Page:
Saturday, May 18, 2024

You oughta know: Jordan Schindler

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Jordan Schindler is a 28-year-old CEO whose Conover-based Nufabrx is making reusable copper medical masks for first responders. It’s a pivot for the company which has proprietary technology that embeds active ingredients including vitamins, supplements and medications into fabrics. The business recently delivered more than 250,000 TheraMasks to the Washington, D.C., National Guard, which was authorized by the capital city’s mayor, Muriel Bowser, to distribute the products in response to the coronavirus. The masks are durable enough for 30 washes, Schindler says.

Business North Carolina asked Schindler about his career and plans for Nufabrx.

Why did Washington, D.C., become such a big client?

For us, it’s all about under-promise and over-deliver. Sourcing of PPE is the wild West, with numerous overseas customers not delivering or unable to produce the products they’ve sold. It started with delivering on smaller local N.C. orders (we supplied Catawba County EMS, police and fire with TheraMasks) and it kept getting passed up the chain from there. Having a quality product and living up to promises means even more in the midst of this terrible pandemic. Our appearance on Fox News certainly helped as well.

What is your connection to North Carolina?

None! I moved to North Carolina solely for the textile industry and the manufacturing connections that this area offered. I searched numerous other states, but this was absolutely the best fit of existing resources and partnerships. I grew up in Arizona, went to college at University of Washington in Seattle, where I started the company from my dorm room, and then quickly moved to Charlotte right after graduation.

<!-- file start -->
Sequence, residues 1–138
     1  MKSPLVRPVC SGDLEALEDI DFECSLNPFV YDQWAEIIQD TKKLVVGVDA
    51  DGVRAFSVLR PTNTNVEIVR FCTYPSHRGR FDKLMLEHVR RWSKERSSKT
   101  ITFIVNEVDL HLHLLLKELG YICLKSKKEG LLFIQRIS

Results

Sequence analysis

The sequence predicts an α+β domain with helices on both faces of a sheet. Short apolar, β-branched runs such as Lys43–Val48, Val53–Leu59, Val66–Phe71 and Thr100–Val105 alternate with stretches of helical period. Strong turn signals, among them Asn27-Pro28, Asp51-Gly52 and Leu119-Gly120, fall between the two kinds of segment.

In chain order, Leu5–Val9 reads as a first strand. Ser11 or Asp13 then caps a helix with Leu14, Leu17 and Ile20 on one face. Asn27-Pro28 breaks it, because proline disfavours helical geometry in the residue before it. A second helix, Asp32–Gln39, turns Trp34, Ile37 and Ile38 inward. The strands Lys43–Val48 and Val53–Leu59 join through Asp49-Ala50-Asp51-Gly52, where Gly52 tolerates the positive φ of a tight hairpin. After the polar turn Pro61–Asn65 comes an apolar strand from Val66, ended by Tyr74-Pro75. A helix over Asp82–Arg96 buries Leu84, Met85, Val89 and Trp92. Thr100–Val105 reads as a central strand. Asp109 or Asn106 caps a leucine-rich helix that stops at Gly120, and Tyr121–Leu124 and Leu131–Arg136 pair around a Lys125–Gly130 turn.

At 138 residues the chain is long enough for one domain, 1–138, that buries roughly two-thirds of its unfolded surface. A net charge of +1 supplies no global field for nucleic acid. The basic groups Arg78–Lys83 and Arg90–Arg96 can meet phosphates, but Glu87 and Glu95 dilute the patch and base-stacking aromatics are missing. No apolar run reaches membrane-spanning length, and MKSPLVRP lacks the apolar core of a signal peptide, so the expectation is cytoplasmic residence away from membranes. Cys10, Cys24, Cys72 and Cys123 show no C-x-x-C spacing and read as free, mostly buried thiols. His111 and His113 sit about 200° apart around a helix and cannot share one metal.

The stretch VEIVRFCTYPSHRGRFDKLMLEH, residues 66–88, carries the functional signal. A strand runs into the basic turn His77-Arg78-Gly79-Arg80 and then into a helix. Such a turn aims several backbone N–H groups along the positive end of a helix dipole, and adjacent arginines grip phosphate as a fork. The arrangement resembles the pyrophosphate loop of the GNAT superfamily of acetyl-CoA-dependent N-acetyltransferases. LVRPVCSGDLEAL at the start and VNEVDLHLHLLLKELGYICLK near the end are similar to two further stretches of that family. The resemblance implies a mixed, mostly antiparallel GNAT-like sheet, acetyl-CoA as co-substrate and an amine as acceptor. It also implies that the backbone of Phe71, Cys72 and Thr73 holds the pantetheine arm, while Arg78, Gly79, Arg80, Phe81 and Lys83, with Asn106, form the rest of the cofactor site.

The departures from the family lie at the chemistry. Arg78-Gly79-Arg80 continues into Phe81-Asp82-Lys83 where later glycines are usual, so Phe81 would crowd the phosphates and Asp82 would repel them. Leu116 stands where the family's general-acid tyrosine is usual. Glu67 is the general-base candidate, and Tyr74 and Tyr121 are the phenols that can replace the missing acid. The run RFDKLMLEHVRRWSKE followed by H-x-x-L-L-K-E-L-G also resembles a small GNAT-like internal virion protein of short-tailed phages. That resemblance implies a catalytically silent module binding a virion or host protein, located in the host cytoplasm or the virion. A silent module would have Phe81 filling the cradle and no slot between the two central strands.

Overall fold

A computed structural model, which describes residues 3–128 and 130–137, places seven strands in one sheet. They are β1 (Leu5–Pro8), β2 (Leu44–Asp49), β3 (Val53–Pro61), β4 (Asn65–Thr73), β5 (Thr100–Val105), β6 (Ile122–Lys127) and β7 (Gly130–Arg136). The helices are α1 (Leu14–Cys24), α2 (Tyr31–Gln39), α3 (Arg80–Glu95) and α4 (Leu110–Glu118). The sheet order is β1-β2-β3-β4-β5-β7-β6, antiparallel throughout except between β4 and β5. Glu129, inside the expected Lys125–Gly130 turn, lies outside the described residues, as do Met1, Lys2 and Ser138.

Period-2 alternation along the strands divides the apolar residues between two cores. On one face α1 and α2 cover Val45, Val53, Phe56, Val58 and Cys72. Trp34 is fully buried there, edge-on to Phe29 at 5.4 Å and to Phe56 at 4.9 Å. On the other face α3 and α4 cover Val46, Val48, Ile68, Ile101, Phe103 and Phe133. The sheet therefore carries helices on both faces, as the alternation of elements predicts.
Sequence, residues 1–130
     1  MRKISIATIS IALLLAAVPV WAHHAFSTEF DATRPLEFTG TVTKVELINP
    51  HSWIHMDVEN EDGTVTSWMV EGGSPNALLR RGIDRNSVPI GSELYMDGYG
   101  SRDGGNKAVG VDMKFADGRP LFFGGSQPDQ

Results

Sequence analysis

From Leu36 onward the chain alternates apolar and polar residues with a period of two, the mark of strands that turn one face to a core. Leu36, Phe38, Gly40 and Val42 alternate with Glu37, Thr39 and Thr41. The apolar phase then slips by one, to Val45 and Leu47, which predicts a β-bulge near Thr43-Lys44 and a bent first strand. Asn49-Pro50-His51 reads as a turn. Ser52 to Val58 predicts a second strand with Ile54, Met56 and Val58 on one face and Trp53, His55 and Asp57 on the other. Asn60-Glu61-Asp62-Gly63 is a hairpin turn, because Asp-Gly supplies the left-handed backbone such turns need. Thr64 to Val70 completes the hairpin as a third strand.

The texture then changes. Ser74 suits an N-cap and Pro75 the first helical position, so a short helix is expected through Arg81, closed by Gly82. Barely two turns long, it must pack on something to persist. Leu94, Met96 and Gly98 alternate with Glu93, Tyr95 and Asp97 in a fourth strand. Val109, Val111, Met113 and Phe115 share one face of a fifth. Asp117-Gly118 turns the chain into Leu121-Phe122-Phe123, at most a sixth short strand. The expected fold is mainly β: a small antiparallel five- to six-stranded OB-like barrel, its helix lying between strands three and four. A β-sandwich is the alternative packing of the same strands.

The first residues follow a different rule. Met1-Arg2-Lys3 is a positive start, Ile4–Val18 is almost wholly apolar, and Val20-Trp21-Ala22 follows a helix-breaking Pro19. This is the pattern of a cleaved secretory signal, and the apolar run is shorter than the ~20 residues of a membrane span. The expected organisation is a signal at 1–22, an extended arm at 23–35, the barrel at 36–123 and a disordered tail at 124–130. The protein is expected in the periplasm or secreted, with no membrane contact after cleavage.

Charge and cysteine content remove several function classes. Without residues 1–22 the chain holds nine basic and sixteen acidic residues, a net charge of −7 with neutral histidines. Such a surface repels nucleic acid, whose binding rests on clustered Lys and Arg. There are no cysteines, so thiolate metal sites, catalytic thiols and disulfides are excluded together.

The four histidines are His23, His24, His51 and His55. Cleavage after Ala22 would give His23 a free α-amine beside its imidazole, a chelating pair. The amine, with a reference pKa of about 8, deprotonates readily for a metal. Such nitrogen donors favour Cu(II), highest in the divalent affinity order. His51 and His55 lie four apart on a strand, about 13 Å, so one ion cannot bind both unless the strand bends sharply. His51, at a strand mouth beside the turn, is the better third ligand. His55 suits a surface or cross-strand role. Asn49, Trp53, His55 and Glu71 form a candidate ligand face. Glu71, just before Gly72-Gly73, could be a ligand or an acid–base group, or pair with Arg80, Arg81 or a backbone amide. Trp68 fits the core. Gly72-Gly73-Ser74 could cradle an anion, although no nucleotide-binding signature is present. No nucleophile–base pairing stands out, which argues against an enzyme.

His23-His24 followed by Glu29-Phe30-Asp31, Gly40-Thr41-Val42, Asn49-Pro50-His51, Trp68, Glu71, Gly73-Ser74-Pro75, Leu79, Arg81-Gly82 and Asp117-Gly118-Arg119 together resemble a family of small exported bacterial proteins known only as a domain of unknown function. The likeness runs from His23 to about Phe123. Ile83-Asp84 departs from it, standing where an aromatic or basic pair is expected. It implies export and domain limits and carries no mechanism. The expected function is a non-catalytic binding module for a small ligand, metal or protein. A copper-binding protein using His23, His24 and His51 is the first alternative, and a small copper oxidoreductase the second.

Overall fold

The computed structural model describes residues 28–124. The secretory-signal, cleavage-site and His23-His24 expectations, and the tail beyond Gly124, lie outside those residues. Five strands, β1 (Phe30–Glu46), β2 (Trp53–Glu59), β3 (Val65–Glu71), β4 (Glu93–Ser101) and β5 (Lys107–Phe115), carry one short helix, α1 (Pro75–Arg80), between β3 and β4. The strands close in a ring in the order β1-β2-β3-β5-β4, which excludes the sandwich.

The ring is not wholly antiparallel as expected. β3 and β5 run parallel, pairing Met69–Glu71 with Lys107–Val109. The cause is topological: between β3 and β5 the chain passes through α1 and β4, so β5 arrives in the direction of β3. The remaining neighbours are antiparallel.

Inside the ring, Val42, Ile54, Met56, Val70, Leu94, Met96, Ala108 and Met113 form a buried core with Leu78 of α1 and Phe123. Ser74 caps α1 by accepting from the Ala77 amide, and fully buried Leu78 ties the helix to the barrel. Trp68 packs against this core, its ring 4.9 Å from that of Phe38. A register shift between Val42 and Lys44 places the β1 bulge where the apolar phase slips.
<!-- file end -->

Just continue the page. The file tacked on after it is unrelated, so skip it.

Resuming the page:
Do you come from an entrepreneurial family?

Not in the traditional sense, but my family is definitely all outside-the-box thinkers. My mom is a doctor. and my dad runs a nonprofit. Not sure where the rest of the entrepreneurial passion came from. I remember from an early age always trying to sell all my parents’ worldly possessions at garage sales in order to make extra money. An early trip as a 10-year-old to an electronic market overseas in Hong Kong furthered the pursuit. I was able to purchase MP3 players at wholesale costs and resell them online for a significant profit.

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What has your experience been like in North Carolina?

Phenomenal: Great weather, food, a resurging textile infrastructure and booming entrepreneurial scene. No better place to be.

What work is done in Conover and Asheboro?

We are based in Conover, where our Manufacturing Solutions Center functions as our R&D/prototyping facility, and also third-party testing lab for validation. Asheboro is where we do our ISO 13485 manufacturing in partnership with Bossong Medical and other local knitters and sewers.

How many do you employ?

We literally grew 50% in the last week, and are now up to 15. It’s time to find an HR person.

Who owns the business?

All employees have ownership in the company, as well as some private local investors, including the Charlotte Angel Fund.

What is the price point of these masks?

It’s $29.99 to consumers (buy one, give one to first responders), and we also offer discounts for bulk government and first-responder orders. Priced at $1 per day, it’s much cheaper overall than the disposable masks that need to be thrown away after every daily use. It’s also much better for the environment.

David Mildenberg
David Mildenberg
David Mildenberg is editor of Business North Carolina. Reach him at

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